Craft:The Gibson Boys Series, Book #2(9)

By: Adriana Locke

“I heard a nasty rumor about you today,” I say, leaning on the side of my car.

“This should be interesting.”

“Seems a girl in one of my classes thinks you’re single.”

Her laugh is light as she leans against her car. We face each other, our stances mirrored. “I’m glad the student body is spending their energy concerned about my dating life.”

“It was an offhanded comment,” I admit.

“And we wonder why their grades are plummeting.”

“Is it true?”

“Yes, their grades are plummeting,” she winks.

Tucking my hands in my pockets, my goal is to appear casual. “Not what I meant.”

“Um …” She tucks a strand of hair behind her ear. “I’m not sure why that matters.”

“It doesn’t,” I say. “But is it true?”

“Kind of?” she laughs. “I hate labels.”

“If I were the guy you were seeing, I’d hate to think you were ‘kind of’ single.”

Shoving off the car, she laughs again. “Oh, I bet you would. You make that completely clear with your girls, don’t you? You’re like, ‘Now, remember. I’ll be sleeping with Gloria tomorrow so you are absolutely single.’”

“That’s not what I mean,” I say, standing straight too. Although she’s right. But this isn’t me. This is her. It’s different. “I mean, doesn’t the guy you’re seeing find offense in that?”

Her arms cross in front of her and it’s clear she’s not about to answer my questions. I voluntarily change the subject.

“Do you ever make red velvet cupcakes?” I ask. I don’t even know what the hell those are, but I heard my brother’s girlfriend talk about them the other day at Sunday dinner.

“I have,” she says, obviously confused. “I make them sometimes for the Senior Center.”

“The nursing home over by the church?”

“Yeah. Long story, but I knew a girl who worked there. She would tell stories about some of the residents and how they didn’t have family and it broke my heart. So I bake for them sometimes.” A small smile slips across her face. “There’s this old man there. They call him The Mayor, but I’m not sure he ever was the mayor,” she laughs. “Anyway, Red Velvet is his favorite. I make sure there’s some in every batch I deliver.”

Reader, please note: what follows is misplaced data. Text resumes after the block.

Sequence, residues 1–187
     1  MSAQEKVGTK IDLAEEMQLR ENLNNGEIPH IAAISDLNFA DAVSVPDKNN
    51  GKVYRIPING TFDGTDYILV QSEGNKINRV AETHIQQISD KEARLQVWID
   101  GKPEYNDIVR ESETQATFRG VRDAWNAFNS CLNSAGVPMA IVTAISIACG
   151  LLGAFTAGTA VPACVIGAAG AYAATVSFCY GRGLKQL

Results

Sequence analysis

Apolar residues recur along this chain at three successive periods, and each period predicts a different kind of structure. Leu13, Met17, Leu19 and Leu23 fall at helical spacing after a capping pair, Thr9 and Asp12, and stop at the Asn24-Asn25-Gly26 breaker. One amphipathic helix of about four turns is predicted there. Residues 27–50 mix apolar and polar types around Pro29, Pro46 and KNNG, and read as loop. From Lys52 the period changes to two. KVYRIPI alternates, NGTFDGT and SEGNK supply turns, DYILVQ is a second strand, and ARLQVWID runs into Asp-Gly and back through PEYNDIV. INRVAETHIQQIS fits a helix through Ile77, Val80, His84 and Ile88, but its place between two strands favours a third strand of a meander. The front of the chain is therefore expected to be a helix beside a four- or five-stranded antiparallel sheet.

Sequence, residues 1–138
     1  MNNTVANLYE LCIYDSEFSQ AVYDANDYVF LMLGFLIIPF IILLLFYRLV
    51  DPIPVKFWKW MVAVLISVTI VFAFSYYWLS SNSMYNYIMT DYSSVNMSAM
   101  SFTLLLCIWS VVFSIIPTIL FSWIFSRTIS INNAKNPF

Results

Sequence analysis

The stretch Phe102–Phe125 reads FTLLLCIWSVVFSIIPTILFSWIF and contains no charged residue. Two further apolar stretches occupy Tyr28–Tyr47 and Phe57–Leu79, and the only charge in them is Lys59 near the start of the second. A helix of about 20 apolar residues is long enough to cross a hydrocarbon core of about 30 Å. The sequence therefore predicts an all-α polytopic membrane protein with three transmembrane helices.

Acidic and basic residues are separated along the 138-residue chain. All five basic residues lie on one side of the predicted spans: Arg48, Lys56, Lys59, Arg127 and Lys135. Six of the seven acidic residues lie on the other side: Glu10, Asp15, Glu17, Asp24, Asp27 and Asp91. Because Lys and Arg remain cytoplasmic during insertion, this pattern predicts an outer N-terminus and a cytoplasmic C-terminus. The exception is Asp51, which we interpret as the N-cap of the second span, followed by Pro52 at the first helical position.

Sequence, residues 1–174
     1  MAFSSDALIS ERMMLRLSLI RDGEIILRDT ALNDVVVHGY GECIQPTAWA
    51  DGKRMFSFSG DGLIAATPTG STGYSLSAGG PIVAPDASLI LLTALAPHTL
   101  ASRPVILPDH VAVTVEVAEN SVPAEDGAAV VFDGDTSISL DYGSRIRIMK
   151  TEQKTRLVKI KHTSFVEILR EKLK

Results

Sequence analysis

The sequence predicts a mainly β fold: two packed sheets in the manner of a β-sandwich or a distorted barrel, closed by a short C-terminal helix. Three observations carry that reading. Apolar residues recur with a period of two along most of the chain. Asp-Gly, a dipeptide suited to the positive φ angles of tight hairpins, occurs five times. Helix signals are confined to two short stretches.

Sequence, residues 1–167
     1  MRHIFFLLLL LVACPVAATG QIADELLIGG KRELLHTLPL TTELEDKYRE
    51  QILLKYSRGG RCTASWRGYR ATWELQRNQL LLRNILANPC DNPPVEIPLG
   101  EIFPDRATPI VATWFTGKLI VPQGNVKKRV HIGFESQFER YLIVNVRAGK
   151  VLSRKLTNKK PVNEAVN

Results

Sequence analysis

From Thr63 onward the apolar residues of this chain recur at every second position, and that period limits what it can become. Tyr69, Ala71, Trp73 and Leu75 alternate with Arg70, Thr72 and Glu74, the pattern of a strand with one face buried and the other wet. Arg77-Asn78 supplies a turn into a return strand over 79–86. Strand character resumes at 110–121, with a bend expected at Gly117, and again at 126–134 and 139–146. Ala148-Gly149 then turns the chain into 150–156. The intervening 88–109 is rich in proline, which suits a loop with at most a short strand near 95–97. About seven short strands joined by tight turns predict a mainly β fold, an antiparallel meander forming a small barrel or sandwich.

There’s something different about her, a gentleness I don’t see often. She’s usually raring to go with me, a sharp tongue ready and waiting.


“Sorry,” I say, clearing my throat. “That sounds like a nice thing to do.”

“It gives me purpose.” She no sooner than finishes the sentence before she sticks a finger my way. “Don’t even.”

“Don’t even what?” I laugh.

“Don’t make fun of me for saying that.”

“I …” Cocking my head to the side, I reconsider. “We all need a purpose. We just get them from different places. You get yours from cake … well, I kind of get mine from your cake too.”

Rolling her eyes, she pops open the driver’s door. “Big plans tonight?” she asks, changing the subject.

I want to back up to a few moments ago. To the moment where she looked a little vulnerable, like she was almost ready to tell me something real about herself, but I let it go. No sense in playing in a sandbox when I have no intention of staying there.

“I’m going to give some excellent aural in a minute,” I tease, “then possibly some oral, depending on how it goes.”

“I can’t with you,” she laughs.

“You can. There’s a standing invitation. Have I not made that clear?”

Her laughter grows. “You have. Thank you.”

“And …” I coax.

“And …” She mocks. “And what?”

“And you are taking me up on that when?”

“Good night, Mr. Gibson.”

It’s totally unprofessional of me to watch the hemline of her dress ride up her thigh as she gets into the seat. It’s even more unprofessional to look at her and wink when she catches me in action, but hell—that’s nothing compared to the vision of her naked in the backseat of the car that I’m imagining right now.